Figure 1. Preparation of FFA from WCO through saponification and acidification
3.3. Preparation of Biodiesel from FFA
3.3.1. Effect of Methanol to FFA Molar Ratio

The methanol to FFA molar ratio is one of the important parameter that affecting the FFA conversion to biodiesel. The effect of methanol to FFA molar ratio on conversion of FFA was investigated at fixed temperature and catalyst concentration. The results are represented in Figure 2. From the Figure 2, it was found that the FFA conversion to biodiesel was 98% at 6:1 molar ratio of methanol to FFA. Further increase in methanol to FFA molar ratio conversion does not increase. The optimum molar ratio of methanol to FFA was 6:1.

3.3.2. Effect of Catalyst Concentration on Esterification

Catalyst concentration has a significant role on conversion of FFA to methyl ester. Increase of catalyst concentration increases the percentage of FFA conversion. At a certain catalyst concentration the conversion was higher. HCl was used as catalyst. The effect of catalyst concentration on conversion of FFA was investigated the results are represented in Figure 3. From the Figure 3, it can be seen that the conversion was 98% at the catalyst concentration of 5 wt% of FFA. Further increasing the catalyst concentration conversion does not increase. The optimum catalyst concentration was 5 wt% of FFA.

Figure 2. Effect of Methanol to FFA molar ratio on FFA conversion
Figure 3. Effect of catalyst concentration on esterification reaction

3.3.3. Effect of Silica Gel on Esterification Reaction

Silica gel adsorbs the water produced in esterification reaction. Hence increase the reaction rate. The effect of silica gel was studied in esterification reaction by taking 5 gm silica gel for 50g FFA. Further increasing of silica gel, the conversion remains unchanged. The results are presented in Figure 4. From the Figure 4, it can be seen that more than 99% conversion in terms of FFA content was achieved within 80 minutes and reaction rate was increased.

Figure 4. Effect of silica gel in esterification reaction

3.3.4. Effect of Temperature

Temperature has a significant effect on conversion of FFA to methyl ester. By increasing temperature %FFA conversion was increased. At a certain temperature the conversion was higher. The effect temperature on conversion of FFA was investigated the results are represented in Figure 5. From the Figure 5, it can be seen that the conversion was 98% at 60°C temperature. Further increasing of temperature the percentage FFA conversion does not increase. The optimum temperature was 60°C.

3.4. Regressive Analyzes of Esterification Reaction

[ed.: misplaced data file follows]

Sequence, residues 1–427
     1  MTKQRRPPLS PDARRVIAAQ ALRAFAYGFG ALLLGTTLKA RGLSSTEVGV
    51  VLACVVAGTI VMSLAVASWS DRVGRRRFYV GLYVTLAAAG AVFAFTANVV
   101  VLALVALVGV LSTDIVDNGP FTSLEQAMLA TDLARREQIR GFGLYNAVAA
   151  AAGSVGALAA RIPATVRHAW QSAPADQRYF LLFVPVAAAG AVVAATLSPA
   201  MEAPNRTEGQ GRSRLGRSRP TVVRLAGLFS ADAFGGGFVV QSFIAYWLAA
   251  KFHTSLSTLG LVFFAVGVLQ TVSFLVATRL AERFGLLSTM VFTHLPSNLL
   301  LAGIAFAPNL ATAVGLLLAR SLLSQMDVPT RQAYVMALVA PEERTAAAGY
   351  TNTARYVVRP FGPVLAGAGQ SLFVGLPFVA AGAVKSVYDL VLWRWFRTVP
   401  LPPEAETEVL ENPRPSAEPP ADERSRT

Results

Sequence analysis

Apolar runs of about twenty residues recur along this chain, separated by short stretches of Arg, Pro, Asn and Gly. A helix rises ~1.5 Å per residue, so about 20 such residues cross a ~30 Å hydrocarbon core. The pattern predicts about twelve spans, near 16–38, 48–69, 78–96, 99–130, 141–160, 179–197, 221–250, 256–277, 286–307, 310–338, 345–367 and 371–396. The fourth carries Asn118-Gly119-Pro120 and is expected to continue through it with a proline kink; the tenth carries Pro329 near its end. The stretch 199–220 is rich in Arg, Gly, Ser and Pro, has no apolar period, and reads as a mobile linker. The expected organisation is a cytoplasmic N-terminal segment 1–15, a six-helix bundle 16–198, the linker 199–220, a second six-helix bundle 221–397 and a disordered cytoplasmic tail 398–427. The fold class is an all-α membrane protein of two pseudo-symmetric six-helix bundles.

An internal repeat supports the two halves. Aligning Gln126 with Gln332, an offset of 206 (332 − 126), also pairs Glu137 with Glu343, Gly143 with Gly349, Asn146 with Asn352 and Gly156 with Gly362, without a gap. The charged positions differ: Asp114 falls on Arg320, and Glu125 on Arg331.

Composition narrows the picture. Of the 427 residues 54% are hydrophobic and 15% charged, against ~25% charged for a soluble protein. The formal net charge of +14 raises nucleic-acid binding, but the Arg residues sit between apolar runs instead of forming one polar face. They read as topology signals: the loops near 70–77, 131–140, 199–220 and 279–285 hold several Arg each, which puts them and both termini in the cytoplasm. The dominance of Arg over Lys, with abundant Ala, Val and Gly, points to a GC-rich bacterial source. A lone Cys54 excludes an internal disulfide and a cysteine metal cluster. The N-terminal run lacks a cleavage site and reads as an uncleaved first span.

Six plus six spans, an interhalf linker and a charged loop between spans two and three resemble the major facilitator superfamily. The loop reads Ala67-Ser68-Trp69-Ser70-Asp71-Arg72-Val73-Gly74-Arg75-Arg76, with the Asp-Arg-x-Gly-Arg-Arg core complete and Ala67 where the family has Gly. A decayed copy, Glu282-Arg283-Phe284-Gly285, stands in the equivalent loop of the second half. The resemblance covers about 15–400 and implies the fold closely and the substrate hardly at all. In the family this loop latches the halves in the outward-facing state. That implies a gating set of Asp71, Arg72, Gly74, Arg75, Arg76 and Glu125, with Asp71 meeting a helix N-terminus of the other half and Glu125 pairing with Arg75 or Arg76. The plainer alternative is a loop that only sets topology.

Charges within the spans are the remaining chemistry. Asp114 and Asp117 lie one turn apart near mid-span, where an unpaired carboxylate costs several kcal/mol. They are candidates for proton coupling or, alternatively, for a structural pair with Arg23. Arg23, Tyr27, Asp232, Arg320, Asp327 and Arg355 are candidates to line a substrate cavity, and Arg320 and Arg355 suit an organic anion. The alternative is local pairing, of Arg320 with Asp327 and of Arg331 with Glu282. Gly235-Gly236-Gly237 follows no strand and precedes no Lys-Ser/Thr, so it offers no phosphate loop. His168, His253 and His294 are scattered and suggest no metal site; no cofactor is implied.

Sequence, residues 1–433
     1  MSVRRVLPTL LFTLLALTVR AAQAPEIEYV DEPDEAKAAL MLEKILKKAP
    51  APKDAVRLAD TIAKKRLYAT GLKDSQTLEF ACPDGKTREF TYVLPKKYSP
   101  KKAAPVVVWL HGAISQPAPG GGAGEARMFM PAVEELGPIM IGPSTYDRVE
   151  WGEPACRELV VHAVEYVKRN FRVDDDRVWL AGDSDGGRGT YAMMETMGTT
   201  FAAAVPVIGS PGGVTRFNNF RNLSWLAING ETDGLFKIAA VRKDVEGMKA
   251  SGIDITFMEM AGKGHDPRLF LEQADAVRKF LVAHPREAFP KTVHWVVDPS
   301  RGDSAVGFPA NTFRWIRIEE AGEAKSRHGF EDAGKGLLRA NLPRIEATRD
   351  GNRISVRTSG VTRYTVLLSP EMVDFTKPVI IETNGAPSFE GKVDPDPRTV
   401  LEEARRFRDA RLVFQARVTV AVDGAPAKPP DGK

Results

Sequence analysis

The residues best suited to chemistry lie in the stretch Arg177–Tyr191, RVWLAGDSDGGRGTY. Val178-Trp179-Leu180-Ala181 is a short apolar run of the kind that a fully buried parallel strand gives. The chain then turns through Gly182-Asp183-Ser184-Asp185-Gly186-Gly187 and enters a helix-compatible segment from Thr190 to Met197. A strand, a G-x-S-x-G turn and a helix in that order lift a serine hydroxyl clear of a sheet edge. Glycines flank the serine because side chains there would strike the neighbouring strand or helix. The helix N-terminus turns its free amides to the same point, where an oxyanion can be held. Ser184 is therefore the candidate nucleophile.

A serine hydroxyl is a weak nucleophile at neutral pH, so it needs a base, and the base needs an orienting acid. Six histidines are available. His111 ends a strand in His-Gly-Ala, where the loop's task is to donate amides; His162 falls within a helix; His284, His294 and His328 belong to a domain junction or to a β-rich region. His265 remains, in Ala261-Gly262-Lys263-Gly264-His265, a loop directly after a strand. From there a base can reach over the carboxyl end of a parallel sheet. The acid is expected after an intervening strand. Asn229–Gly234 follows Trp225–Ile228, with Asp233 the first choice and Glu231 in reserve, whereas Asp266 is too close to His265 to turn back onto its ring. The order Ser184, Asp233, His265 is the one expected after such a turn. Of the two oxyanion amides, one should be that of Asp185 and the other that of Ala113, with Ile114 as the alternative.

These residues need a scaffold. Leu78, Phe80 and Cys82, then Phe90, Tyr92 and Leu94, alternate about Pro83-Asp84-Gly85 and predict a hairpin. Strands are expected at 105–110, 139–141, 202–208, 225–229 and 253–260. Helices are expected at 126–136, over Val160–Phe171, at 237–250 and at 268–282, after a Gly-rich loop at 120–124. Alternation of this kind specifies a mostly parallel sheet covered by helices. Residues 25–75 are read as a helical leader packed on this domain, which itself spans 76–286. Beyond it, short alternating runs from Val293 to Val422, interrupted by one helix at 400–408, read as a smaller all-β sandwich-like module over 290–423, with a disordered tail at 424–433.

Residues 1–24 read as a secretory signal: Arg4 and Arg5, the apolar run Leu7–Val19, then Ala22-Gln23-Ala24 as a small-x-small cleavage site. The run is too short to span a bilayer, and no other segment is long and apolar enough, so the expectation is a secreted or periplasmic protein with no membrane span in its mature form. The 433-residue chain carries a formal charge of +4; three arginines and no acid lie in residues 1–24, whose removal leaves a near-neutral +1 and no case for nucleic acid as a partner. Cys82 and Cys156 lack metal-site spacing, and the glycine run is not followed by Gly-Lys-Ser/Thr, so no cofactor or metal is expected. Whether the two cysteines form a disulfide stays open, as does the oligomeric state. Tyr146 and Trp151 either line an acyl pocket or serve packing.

Four factors (methanol to FFA molar ratio, catalyst concentration, temperature and reaction time) affect the biodiesel production process from WCO. To study the regressive analyzes of Esterification reaction, a factorial design was carried out. The experiments were conducted according to half-Replicate of 24 full factorial design. Table 2 shows the decoding values for methanol to FFA molar ratio, catalyst concentration, reaction temperature and reaction time. Eight set of experiments were run for the factorial design and the results are shown in Table 3.

Figure 5. Effect of Temperature on esterification reaction

Table 2. Decoding values of independent variables used in the experimental design

Table 3. Design of the experiment using coded value

The complete regression equation describes the contributions of the various factors on the outcome (response) of the biodiesel conversion.

The coefficients of the regression equation were estimated and the significance of the coefficients was tested using the student T-test. Only three coefficient appeared as insignificant for the significance level α = 0.01.

Neglecting the insignificant coefficient the final regression equation becomes as:

Using the Fisher’s test the adequacy fitness of the regression equation was determined. With α = 0. 01, ν1 = 3 and ν2 = 32

the tabulated value of Fisher’s F was 4.5 where the experimental value was 3.96. Therefore the equation fits in the experiment.

3.4. Properties of Biodiesel

The properties of produced biodiesel such as viscosity, FFA content, moisture content, pour point, cloud point, saponification value, iodine value, specific gravity etc. were presented in Table 5 and compared with standard values. The reaction yield was 79%.

Table 5. Properties of biodiesel produced from WCO by three-stepmethod and comparison with standard biodiesel and diesel

4. Conclusion

Biodiesel was prepared from WCO by three-step method, in three-step method aqueous sodium hydroxide solution was used for saponification. The optimum molar ratio for saponification by aqueous sodium hydroxide was 1:2 oil to NaOH and reaction time was 2.0h at 100°C. In acidification the molar ratio of soap to hydrochloric acid was 1:2 for sodium soap. In Esterification the optimum molar ratio of methanol to FFA was 6:1, the catalyst (HCl) concentration is 5wt% of FFA, the reaction temperature was 60°C and the reaction time was 2 hour, with silica gel reaction time was reduced to 80 min and FFA content was reduced to 0.94%. A factorial design was applied to find the optimum conditions for esterification reaction. At optimum conditions 99.06% conversion of the FFA to FAME was obtained and the viscosity, yield were 3.29mm2/s and 79% wt/wt. The properties of produced biodiesel such as viscosity, specific gravity, cloud point, pour point, flash point etc. are nearest to the petro-diesel. The present experimental results support that produced biodiesel from WCO by this method can be successfully used as diesel.